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CHAPTER 4 Guiding IT Principles for Airports-- A Common Framework Airports are rapidly adopting new technologies so that they can better serve customers and tenants. An airport's IT infrastructure, including its applications and data, is becoming a strate- gic asset, helping the airport increase efficiency and reduce operational costs while improving and expanding service offerings. Given the critical importance of the IT infrastructure to the air- port's successful operations, it is vital that a set of IT principles be established to guide IT invest- ments and implementations. Intended to be enduring and seldom changed, IT principles are general rules and guidelines developed to make the IT environment as productive and cost-effective as possible. They should be developed jointly by the CIO, CEO, and key stakeholders to align with airport strategic goals and visions. The development of IT principles is influenced by the following: Current systems and technology--the set of information resources deployed within the air- port, including systems documentation, equipment inventories, and network configurations. Computer industry trends--predictions about the usage, availability, and cost of computer and communications technologies. IT principles are used in a number of different ways: To provide a framework within which the airport can make conscious decisions about IT. As a guide to establishing relevant evaluation criteria, thus influencing the selection of new products or systems. As drivers for defining the functional requirements of the IT infrastructure. To help delineate transition activities needed in the IT master plan to implement an architec- ture that supports the airport's strategic goals. 4.1 Sample IT Principles Table 4-1 lists typical IT principles. These may vary based on airport size and complexity. 4.1.1 Principle 1: Compliance with IT Principles These IT principles apply to all departments within the airport. Having everyone abide by them ensures that decision makers get consistent, reliable information. Otherwise, the manage- ment of information would be rapidly undermined by exclusions, favoritism, and inconsistency. 4.1.2 Principle 2: Maximize Benefit to the Airport IT decisions should provide maximum benefit to the airport as a whole. Decisions that sup- port airport-wide goals and priorities have greater long-term value and bring a better ROI than decisions made from the perspective of any particular department. This means that IT priorities 44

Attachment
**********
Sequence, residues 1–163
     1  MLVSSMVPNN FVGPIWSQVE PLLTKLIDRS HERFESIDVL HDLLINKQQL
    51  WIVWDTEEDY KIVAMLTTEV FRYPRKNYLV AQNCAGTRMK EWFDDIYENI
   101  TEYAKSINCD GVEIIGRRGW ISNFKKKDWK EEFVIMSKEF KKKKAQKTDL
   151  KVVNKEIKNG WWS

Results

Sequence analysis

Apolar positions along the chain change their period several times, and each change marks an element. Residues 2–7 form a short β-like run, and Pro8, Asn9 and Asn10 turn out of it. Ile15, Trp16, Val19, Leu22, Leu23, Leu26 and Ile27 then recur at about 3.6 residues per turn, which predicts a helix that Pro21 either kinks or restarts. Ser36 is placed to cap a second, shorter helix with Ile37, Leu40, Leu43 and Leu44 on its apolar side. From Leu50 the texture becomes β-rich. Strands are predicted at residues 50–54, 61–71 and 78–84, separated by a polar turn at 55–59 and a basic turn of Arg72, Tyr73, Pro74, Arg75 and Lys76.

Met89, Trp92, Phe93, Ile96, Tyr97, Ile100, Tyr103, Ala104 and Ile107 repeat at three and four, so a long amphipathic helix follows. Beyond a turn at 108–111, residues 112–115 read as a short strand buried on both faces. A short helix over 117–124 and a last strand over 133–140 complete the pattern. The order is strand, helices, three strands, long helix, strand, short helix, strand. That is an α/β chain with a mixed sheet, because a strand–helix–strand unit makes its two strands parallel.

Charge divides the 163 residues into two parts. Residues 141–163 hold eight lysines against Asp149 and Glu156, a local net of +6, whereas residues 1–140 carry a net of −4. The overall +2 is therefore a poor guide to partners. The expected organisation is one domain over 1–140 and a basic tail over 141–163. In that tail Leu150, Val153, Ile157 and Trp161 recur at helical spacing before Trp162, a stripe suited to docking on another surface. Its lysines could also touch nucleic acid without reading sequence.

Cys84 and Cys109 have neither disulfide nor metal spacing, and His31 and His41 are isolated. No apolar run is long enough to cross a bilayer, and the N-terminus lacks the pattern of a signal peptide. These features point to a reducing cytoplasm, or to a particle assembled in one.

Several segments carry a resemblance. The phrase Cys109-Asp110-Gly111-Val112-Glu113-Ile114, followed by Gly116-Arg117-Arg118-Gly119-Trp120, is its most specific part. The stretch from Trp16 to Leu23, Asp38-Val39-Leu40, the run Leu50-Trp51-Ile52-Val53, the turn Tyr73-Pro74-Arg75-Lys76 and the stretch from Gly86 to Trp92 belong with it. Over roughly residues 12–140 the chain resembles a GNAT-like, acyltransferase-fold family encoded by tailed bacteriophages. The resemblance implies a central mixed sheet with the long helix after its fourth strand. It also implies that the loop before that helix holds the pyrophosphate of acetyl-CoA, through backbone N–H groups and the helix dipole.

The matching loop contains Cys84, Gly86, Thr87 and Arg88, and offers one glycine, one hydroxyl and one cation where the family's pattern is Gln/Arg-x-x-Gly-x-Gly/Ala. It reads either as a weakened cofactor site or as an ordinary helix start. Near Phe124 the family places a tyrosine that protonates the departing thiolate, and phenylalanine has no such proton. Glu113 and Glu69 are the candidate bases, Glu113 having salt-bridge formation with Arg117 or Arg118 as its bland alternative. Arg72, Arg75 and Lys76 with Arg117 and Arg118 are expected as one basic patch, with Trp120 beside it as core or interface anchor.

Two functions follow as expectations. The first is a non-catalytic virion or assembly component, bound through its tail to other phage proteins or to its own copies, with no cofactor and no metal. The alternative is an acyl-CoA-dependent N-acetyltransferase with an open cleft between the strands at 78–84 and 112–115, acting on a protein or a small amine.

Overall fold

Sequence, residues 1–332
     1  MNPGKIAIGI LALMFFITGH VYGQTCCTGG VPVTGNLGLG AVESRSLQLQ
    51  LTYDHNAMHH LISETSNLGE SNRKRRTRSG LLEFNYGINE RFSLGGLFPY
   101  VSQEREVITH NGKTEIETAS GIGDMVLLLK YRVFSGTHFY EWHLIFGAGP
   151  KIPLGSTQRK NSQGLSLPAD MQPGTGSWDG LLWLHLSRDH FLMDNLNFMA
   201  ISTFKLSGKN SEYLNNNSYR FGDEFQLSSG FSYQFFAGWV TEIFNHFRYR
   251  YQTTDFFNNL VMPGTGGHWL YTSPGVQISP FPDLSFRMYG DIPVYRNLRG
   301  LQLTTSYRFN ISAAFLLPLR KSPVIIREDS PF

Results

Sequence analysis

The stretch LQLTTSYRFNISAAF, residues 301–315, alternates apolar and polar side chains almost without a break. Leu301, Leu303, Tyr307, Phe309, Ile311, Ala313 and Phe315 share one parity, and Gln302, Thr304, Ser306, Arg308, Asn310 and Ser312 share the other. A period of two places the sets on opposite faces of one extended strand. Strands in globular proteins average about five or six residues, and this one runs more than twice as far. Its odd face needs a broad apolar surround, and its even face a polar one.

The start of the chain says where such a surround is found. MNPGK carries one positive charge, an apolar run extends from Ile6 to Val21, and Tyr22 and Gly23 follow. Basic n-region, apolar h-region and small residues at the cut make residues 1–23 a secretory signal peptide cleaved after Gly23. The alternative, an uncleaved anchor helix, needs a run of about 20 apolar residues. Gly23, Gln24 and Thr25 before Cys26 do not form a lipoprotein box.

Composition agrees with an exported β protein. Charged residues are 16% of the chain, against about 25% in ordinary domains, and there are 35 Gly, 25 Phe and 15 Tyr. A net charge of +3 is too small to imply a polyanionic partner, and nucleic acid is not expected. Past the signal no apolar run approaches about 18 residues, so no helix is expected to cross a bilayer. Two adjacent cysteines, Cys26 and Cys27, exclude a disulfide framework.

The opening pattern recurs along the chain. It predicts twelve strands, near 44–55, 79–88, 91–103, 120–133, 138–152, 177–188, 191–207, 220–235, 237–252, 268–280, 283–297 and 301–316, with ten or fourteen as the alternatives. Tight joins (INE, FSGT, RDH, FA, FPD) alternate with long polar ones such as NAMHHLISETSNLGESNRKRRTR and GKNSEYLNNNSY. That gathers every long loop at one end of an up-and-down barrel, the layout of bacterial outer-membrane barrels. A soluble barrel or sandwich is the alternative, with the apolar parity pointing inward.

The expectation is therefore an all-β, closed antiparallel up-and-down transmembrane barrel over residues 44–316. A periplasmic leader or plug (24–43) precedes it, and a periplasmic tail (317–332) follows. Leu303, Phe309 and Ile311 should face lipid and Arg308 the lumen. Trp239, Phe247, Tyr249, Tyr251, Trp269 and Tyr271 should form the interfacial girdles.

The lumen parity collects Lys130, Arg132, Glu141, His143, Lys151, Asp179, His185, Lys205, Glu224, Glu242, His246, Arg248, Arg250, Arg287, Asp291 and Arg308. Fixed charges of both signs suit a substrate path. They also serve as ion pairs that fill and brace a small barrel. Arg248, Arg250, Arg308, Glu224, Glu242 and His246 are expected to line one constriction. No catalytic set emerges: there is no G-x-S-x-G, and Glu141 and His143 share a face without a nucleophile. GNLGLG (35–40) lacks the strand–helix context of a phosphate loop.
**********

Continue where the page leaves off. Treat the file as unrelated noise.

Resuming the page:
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Guiding IT Principles for Airports--A Common Framework 45 Table 4-1. Sample IT principles. must be established by the entire airport. Some departments may have to concede their own pref- erences for the airport's benefit. IT components should be shared across departmental boundaries, and IT initiatives should be conducted in accordance with the airport master plan. All system sourcing options must be evalu- ated so that decisions bring the greatest value possible. Conduct a risk/benefit analysis and closely examine ROI (economic and strategic) and total cost of ownership before making funding decisions. 4.1.3 Principle 3: IT Is Everybody's Business All departments in the airport should participate in IT decisions to ensure that IT is aligned with business needs. Stakeholders and technical staff responsible for developing and sustaining